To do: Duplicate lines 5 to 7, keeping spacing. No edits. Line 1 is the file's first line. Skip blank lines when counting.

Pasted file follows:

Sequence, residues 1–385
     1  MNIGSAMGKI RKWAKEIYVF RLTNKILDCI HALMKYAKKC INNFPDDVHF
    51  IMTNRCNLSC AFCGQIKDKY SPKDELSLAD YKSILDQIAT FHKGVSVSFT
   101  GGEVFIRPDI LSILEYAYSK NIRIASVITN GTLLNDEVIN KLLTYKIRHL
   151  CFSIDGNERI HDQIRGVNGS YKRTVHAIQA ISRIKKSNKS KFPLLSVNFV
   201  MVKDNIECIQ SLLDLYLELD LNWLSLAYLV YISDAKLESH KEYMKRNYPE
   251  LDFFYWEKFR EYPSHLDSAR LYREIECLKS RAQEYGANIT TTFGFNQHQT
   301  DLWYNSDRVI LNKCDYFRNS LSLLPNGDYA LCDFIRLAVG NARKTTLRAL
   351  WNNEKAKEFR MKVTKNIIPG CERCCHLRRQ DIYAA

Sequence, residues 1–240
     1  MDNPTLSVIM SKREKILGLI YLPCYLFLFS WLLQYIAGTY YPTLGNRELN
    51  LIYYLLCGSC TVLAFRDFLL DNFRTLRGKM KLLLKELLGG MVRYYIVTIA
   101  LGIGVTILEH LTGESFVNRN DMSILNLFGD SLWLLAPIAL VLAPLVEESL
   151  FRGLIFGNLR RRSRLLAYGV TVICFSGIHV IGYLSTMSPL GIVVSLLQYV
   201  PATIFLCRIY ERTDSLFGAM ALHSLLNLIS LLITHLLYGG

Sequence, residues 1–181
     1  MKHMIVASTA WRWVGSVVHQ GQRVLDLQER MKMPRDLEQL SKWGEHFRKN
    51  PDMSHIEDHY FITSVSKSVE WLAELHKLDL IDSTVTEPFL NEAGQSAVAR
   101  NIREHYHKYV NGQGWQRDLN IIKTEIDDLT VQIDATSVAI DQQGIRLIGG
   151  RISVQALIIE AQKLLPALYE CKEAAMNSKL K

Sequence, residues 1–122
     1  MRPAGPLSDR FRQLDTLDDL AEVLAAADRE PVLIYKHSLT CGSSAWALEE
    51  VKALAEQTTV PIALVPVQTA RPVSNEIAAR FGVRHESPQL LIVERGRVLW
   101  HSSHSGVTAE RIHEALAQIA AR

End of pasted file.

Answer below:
   151  CFSIDGNERI HDQIRGVNGS YKRTVHAIQA ISRIKKSNKS KFPLLSVNFV
   201  MVKDNIECIQ SLLDLYLELD LNWLSLAYLV YISDAKLESH KEYMKRNYPE
   251  LDFFYWEKFR EYPSHLDSAR LYREIECLKS RAQEYGANIT TTFGFNQHQT